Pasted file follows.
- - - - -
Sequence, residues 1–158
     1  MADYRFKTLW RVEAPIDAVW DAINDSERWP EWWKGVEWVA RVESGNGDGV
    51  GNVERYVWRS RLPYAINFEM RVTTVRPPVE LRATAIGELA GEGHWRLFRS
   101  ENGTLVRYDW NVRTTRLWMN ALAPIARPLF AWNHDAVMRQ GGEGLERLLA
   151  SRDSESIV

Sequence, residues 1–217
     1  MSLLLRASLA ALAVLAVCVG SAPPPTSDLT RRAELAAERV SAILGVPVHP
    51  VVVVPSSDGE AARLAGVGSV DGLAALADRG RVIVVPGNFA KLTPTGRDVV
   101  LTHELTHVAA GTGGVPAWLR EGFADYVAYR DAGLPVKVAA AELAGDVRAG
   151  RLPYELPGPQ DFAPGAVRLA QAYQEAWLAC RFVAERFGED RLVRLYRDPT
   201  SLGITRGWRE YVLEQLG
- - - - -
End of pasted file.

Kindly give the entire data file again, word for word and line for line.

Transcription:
Sequence, residues 1–158
     1  MADYRFKTLW RVEAPIDAVW DAINDSERWP EWWKGVEWVA RVESGNGDGV
    51  GNVERYVWRS RLPYAINFEM RVTTVRPPVE LRATAIGELA GEGHWRLFRS
   101  ENGTLVRYDW NVRTTRLWMN ALAPIARPLF AWNHDAVMRQ GGEGLERLLA
   151  SRDSESIV

Sequence, residues 1–217
     1  MSLLLRASLA ALAVLAVCVG SAPPPTSDLT RRAELAAERV SAILGVPVHP
    51  VVVVPSSDGE AARLAGVGSV DGLAALADRG RVIVVPGNFA KLTPTGRDVV
   101  LTHELTHVAA GTGGVPAWLR EGFADYVAYR DAGLPVKVAA AELAGDVRAG
   151  RLPYELPGPQ DFAPGAVRLA QAYQEAWLAC RFVAERFGED RLVRLYRDPT
   201  SLGITRGWRE YVLEQLG